explained to us. "Thy what will be done on Earth"? "Our Father
that art in heaven":... did he spend his time painting
pictures? Why wasn't the prayer made of proper sentences?)
Material man must "serve two masters", looking after
material needs while trying to attain meaningful intellectual and
spiritual goals beyond. But "the self" is an insidious focus to instill
in young people. "How can I make more money?" - materialism,
consumerism - is a hollow, unsatisfying philosophy to live by. Often
the best answers found to this shallow question have little to do with
serving one's fellows or improving society, and contribute little to
growth of a dynamic character. Instead the focus may become how to get
the most the easiest way, which may devolve essentially to a mentality
of robbery. At worst people may
progress to the greed and avarice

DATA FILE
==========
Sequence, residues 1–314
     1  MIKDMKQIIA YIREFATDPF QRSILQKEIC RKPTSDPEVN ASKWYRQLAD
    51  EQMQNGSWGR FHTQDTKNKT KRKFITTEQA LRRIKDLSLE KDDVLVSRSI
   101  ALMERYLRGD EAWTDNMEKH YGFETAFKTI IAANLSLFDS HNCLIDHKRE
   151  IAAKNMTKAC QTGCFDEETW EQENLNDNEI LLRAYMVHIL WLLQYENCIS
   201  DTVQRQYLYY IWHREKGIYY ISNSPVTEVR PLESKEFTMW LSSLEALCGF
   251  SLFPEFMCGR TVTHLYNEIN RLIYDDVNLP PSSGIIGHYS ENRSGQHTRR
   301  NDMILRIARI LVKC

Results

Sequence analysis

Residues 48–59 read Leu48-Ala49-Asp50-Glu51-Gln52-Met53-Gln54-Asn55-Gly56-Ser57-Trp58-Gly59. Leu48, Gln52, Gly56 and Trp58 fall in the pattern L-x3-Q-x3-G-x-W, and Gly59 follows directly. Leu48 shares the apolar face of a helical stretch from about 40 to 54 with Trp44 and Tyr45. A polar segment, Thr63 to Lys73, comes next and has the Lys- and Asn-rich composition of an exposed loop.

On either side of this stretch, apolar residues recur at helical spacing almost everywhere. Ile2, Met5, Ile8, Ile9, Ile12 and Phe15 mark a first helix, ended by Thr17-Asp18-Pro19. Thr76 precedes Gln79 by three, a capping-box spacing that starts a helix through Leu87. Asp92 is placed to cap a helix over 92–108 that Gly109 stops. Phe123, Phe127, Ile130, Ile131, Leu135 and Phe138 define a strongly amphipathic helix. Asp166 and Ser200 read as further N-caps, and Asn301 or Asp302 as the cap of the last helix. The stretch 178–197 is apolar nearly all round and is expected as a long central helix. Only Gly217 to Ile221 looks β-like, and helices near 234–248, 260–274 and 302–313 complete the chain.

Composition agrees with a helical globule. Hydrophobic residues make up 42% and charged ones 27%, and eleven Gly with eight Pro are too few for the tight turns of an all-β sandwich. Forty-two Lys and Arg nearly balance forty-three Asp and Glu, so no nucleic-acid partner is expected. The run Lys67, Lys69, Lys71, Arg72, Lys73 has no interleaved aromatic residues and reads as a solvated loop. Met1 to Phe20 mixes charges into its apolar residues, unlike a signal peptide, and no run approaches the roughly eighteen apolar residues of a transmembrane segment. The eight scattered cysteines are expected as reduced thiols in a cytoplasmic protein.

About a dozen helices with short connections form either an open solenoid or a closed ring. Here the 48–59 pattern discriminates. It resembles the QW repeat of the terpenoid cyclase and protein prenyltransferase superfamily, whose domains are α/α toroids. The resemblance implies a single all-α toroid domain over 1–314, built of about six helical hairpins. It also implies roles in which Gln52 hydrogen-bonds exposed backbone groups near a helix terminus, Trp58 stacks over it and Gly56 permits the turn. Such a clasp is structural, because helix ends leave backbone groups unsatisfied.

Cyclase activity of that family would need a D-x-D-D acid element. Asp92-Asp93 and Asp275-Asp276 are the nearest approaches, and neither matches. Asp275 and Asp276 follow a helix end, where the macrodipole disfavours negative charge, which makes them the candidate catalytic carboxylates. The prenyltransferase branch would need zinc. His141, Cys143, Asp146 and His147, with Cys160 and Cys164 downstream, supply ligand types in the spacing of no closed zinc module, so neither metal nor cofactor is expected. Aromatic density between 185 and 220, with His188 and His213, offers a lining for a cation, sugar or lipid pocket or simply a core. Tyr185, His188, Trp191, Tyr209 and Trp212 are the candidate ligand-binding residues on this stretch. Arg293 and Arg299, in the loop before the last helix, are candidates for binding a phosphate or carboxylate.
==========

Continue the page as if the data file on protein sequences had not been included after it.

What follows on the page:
that are presently running rampant and destroying civilization.
In corporate terms it's called "externalizing": We're here
to make money. The problems our activities inflict on the society we
all live in aren't our problems; somebody else can deal with them -
we'll pay a tax or a fine to allow someone else to deal with them. (but
if you charge us
much, we'll move offshore.) A corrupt culture of scarcity, greed,
abrogation of responsibility and
gangster elitism has arisen.
The attitude that advances true civilization and the
human brotherhood is of course "How can I best serve my fellow man?";
"How can I
do the most good?". Since one can't contribute while trying to find
one's next meal, making a decent living, hopefully doing things one
enjoys doing, is implicit. So is safeguarding this co-operative culture
by eliminating opportunities for greed and corruption as well as prompt
prosecution and demoting of anyone engaged in it, _especially_ by those
who have been granted positions of power and influence over others. And
is contributing or at least prevented from working mischief, everyone
is safe from violence and want, and lives better.
Our present civilization makes no organized effort
to visualize how we want to live as the future unfolds. There are no
"Departments of Progress" committed to and administering working
towards worthy goals. Instead,